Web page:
The landing gear is one of the essential parts of an aircraft. It’s also one of the hardest to make. So, how does a landing gear get made?
A toughmet starts by being formed from steel sheets in a rolling mill. Once it’s created, it goes through many processes, including cutting and punching holes for rivets or bolts before being sent off to be heat-treated at high temperatures and tempered.
What Are The Benefits Of Toughmet?
The benefits include: wear resistance; strength to weight ratio; good thermal conductivity; low electrical resistivity at room temperature; oxidation stability up to 1800°F (9800C); nonmagnetic properties above 1000°F(5400C). Other advantages are its ability to retain form after forming or stamping processes and its resistance to acids and alkalis.
What Are The Applications For Toughmet?
Toughmet is used for various applications, including high-end turbocharger blades, jet engine combustion chamber components, aircraft turbine shrouds, combustor liners, and stationary nozzles, as well as gas turbines such as the Rolls Royce Trent 1000 (used in Boeing’s Dreamliner).
It can also be found in oilfield service pumps involved with enhanced oil recovery methods like waterflooding or steam flooding. Other uses include wearing plates where hardness combined with toughness is essential, electrical contacts which require good heat transfer properties, and resistance to oxidation at elevated temperatures.
How Is It Made?
The process begins with arc melting, where the metal is melted using an electric arc between a consumable tungsten electrode and the raw material to be refined. This requires much less energy than melting with a furnace for either induction or resistance heating methods. The molten alloy is then poured into ingot molds that are cooled down in the water. This process does not require any additives to create taught. It can meet high purity standards (>99%).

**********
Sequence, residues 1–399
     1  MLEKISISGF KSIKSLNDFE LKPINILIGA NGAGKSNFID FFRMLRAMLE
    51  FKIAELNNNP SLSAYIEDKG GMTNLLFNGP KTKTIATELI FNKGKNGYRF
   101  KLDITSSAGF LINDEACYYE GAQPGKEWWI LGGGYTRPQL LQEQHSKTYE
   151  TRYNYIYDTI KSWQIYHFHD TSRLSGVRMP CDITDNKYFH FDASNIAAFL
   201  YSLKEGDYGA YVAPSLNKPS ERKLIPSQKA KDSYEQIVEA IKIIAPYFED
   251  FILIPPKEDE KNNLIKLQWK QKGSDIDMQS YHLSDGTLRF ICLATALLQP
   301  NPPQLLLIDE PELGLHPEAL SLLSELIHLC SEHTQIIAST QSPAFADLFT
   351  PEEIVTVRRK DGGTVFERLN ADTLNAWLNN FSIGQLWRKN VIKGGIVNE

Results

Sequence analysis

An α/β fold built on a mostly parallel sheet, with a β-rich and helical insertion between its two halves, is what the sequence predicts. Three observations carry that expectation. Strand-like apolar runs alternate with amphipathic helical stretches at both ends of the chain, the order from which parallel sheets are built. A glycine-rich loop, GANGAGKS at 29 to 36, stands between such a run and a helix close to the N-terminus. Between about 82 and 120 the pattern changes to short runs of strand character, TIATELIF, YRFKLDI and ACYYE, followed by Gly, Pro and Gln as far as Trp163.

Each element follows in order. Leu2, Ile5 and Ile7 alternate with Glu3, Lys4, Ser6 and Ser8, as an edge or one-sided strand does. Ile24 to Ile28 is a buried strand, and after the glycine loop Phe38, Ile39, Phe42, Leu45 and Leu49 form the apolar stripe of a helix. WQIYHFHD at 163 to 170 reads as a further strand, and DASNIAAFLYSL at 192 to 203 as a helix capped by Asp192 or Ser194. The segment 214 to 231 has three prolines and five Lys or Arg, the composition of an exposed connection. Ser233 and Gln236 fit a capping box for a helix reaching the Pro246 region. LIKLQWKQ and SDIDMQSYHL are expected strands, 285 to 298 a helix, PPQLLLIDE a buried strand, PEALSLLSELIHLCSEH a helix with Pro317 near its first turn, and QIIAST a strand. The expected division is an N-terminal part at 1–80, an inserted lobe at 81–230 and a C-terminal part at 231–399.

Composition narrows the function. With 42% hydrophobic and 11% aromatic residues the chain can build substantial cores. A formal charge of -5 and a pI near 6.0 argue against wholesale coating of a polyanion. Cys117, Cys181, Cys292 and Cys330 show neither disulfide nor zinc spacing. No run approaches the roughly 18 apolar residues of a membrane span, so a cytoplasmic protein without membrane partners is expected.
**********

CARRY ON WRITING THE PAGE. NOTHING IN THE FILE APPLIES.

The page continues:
This stainless steel grade has exceptional toughness combined with high strength properties due to its copper-beryllium content, making it suitable for heavy-duty applications. It also offers good corrosion resistance compared to other nickel-based superalloys making it ideal for use in harsh environments such as seawater, gas turbines, steam turbine blades, and oil and gas extraction.
Toughmet As Compared To Other High-Performance Alloys
The advantages of Toughmet are its very high strength combined with excellent toughness and corrosion resistance.
The alloy can be used in demanding applications where components need to withstand severe conditions such as high pressure (fracture mechanics), elevated or low temperatures (creep), or simultaneously, like gas turbines. For this reason, it is gaining increased interest among manufacturers of turbomachinery components.
- Good weldability;
- High yield strength after heat treatment (>20 HRC)
- Excellent formability
- Excellent creep properties at continuous service temperature up to 650°C combined with relatively low hardness values (<35 HRC);
- High Strength And Corrosion Resistance Combined With Low Density And Exceptional Machinability: – Toughmet has a yield strength of more than 20 HRC and good cold form-ability
What Is The Chemical Composition Of Toughmet?
Toughmet contains approximately 70% Copper, 25 – 30% Beryllium, up to 0.05 % Iron, and small amounts of other elements depending on grade (e.g., Titanium, Molybdenum).
We want to conclude that thought is a low-cost alternative to titanium alloys, with similar strength and corrosion resistance. It can be used in many different industries such as Aerospace, Oil & Gas, or Marine Industries, where its weight-saving properties will give customers an edge over competitors.